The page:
March 10, 2022
Meghan MacRae

Why Student Voice is Key to Your Mental Health Initiatives

6 minutes

When we meet with education leaders, a common goal is helping children build social-emotional skills that will set them up for success in school and life. Emotional intelligence isn’t just a key ingredient in our ability to respond to change and crisis; it’s also crucial for reducing bullying and risky behaviors, working with others, overcoming obstacles, and setting and achieving goals.  

With COVID-19 causing disruption of our daily routines and widespread school closures, developing effective ways to assess students’ mental health and programs to address their needs is more important than ever. Education Week shared new research that shows “anxiety and depression…[has] affected more than 1 in 4 adolescents” since the beginning of the pandemic. They also found that Black, Latinx, low-income, and LGBTQ students “were also significantly more likely to report experiencing more problems in the wake of the pandemic.” 

This means that decisions made around supporting student mental health have to take a diverse range of perspectives into account and not just apply a one-size-fits-all approach. Ensuring that your district has an accurate and agile picture of all your students’ needs is vital to their well-being and success.

Determining what your students need and what will resonate with them can be a challenge. Trends change quickly in schools, and children and adolescents—especially from marginalized groups—can find it challenging to advocate for their needs in a public setting. 

Traditional feedback methods don’t make it easy to get to their honest thoughts. Surveys offer a choice of pre-populated answers selected by adults, and special interests and the loudest parents often dominate town halls. Focus groups can gather more detailed feedback but won’t accurately capture all the perspectives of an entire district’s students.

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See how Woodland SD50 implemented social-emotional learning district-wide
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Kids need a safe space to share in, one that assures them anonymity, allows them access to each other’s thoughts, and provides a platform where their peers can rate their ideas without bias. An Exchange is a perfect way to explore the topic of mental health with students to get meaningful feedback and relevant results.

With the right open-ended questions, you can get your students thinking critically about the supports they need to get the most value from their time in school. By asking an open-ended question like, “What are some ways we can support safety and wellness for you and other students in your school?” administrators can discover the policies that students are finding most effective and the areas where their efforts are lacking. 

Allowing students to weigh in on the decisions made on their behalf means that the district’s actions will have more support and be easier to implement. Students will feel heard, and leaders will get a prioritized list of their students’ needs.

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Although some leaders may feel apprehensive about giving students an anonymous platform to share their thoughts, we’ve seen countless examples of how powerful it can be. Recently, Dr. Teresa Lance, Assistant Superintendent of Equity and Innovation at Elgin U-46, used ThoughtExchange to get student input on their proposed African American Studies course curriculum. The valuable insights her students shared in the Exchange were critical to its development. When we asked her if she’d recommend this type of student engagement again, her answer was a resounding “Yes!”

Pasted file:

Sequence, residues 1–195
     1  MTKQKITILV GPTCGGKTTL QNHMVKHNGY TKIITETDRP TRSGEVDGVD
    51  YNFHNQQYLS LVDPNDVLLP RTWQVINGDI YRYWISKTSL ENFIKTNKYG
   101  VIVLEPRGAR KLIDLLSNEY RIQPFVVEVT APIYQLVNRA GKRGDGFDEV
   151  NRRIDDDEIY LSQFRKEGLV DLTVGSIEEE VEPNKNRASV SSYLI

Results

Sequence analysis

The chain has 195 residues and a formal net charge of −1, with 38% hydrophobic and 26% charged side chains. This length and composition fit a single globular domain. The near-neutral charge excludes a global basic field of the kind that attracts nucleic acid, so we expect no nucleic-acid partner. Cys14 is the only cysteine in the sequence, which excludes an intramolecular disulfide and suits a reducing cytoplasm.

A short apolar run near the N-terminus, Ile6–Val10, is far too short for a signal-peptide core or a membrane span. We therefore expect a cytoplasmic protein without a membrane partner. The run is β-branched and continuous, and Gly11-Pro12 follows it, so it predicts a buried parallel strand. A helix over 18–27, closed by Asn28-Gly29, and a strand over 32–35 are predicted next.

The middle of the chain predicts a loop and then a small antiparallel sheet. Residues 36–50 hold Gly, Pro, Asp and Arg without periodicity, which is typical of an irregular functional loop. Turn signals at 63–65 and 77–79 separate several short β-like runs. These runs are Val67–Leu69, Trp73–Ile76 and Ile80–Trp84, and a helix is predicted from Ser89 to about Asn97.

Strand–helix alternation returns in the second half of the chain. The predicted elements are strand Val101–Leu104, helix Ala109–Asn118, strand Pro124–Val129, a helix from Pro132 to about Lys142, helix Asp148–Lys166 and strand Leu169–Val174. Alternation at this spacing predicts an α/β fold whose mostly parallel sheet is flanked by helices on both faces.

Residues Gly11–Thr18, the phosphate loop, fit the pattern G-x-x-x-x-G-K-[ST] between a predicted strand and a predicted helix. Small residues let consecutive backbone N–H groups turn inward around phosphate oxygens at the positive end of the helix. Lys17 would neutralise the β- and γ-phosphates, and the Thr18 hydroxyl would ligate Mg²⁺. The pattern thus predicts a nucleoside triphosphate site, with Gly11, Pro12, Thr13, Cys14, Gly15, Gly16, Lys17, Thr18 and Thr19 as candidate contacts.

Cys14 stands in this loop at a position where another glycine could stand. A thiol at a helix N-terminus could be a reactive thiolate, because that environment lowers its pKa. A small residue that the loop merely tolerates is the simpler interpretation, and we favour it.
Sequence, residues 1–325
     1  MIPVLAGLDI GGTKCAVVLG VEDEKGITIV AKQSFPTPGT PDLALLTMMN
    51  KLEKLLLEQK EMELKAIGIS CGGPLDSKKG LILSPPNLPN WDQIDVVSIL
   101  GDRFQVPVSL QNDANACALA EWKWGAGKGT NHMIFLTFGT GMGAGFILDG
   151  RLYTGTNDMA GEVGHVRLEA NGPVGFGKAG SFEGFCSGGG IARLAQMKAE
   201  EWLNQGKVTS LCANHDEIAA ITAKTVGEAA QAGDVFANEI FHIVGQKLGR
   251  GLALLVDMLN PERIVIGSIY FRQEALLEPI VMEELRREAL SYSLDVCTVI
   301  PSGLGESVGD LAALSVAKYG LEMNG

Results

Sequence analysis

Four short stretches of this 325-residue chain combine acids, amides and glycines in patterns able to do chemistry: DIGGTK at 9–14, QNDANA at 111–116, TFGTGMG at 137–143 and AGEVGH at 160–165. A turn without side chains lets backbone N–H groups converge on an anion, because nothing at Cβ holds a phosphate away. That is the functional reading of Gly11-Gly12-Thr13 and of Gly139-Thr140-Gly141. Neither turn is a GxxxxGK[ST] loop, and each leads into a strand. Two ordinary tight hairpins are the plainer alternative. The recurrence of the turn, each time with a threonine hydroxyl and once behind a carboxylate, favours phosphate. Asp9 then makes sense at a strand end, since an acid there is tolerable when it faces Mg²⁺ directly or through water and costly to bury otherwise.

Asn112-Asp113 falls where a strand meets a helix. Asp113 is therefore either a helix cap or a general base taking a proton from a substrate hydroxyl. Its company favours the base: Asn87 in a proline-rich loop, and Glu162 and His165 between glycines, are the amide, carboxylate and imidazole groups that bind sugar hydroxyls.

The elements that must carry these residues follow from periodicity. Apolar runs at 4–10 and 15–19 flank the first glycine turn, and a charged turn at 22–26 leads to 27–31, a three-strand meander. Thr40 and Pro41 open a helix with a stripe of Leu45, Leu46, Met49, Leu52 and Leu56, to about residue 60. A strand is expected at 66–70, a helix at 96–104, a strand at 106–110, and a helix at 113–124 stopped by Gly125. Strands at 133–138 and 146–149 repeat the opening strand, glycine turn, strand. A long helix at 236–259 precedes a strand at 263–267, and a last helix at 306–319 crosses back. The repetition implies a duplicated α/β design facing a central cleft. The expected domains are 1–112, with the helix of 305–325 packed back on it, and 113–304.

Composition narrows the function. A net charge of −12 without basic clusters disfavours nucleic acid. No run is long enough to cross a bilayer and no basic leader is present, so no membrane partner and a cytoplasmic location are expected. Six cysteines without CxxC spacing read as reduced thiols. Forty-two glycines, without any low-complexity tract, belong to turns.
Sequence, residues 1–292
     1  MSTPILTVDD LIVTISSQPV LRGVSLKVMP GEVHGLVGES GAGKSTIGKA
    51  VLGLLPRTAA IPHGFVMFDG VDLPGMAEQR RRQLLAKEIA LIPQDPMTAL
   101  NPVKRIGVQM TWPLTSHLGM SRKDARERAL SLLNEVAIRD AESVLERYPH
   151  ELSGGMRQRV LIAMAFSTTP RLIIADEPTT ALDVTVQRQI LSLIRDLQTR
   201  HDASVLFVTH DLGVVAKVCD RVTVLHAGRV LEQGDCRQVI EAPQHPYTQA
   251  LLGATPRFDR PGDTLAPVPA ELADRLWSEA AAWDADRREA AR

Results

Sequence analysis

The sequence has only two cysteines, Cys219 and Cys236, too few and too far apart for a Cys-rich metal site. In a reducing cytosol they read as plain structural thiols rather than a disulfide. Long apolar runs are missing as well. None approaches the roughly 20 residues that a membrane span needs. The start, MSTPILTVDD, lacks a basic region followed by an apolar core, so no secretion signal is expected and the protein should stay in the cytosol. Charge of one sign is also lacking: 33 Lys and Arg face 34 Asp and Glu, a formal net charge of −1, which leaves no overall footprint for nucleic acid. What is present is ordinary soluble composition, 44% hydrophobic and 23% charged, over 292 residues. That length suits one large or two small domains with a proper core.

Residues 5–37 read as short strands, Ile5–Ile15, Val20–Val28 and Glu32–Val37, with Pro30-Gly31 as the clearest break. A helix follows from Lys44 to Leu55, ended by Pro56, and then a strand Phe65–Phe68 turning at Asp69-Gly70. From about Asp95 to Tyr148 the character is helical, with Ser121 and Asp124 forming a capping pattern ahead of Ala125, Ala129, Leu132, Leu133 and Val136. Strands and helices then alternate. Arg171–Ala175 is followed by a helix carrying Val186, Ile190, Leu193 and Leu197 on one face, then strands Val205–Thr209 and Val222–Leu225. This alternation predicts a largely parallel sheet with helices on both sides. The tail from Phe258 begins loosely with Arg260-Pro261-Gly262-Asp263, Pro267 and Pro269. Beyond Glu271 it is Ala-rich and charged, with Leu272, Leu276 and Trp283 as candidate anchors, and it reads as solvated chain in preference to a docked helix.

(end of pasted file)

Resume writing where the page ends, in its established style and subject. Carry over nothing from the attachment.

We use adults to vet curriculum and resources, but we miss the student perspective in all of it. And we’ve got to do better. Building student agency, allowing students to have voice and ownership on what’s in front of them, is crucial, and ThoughtExchange allows that opportunity on such a grand scale.
Superintendent of West Hawaii Complex Area,  Art Souza, understands how much impact an Exchange can have on students. One of his students, Kassie Tarpley, used ThoughtExchange for her senior project on bullying. The candid responses she collected from her fellow students not only earned her a high grade, but also influenced Hawaii's state policy on bullying in schools. Souza explains why one student Exchange was able to have such a big impact: 
“A lot of students won’t go to teachers or principals to talk about bullying. But this was an opportunity to get their voice out to the administration.”
It may seem obvious that students should have input on their schools' decisions about their mental health. But more often than not, districts rely on the expertise of adults when it comes to developing social-emotional supports and learning for children and adolescents. Re-imagining this process to include student input will ensure the programs put into place will get more support from students and be more effective in addressing their mental health and well-being needs.
ABOUT THE AUTHOR
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Meghan MacRae
Meghan was raised by an English teacher, thus she found a way to incorporate her instinct for grammar and spelling into her career. She honed her corporate writing skills in clothing companies and the music industry, and brings a passion for creativity and playful wordsmithing to her work at ThoughtExchange. When she’s not crafting language that brings people together, she’s reading a thesaurus, playing Uno with her kids, cooking and singing and dancing, and collecting vinyl and art.

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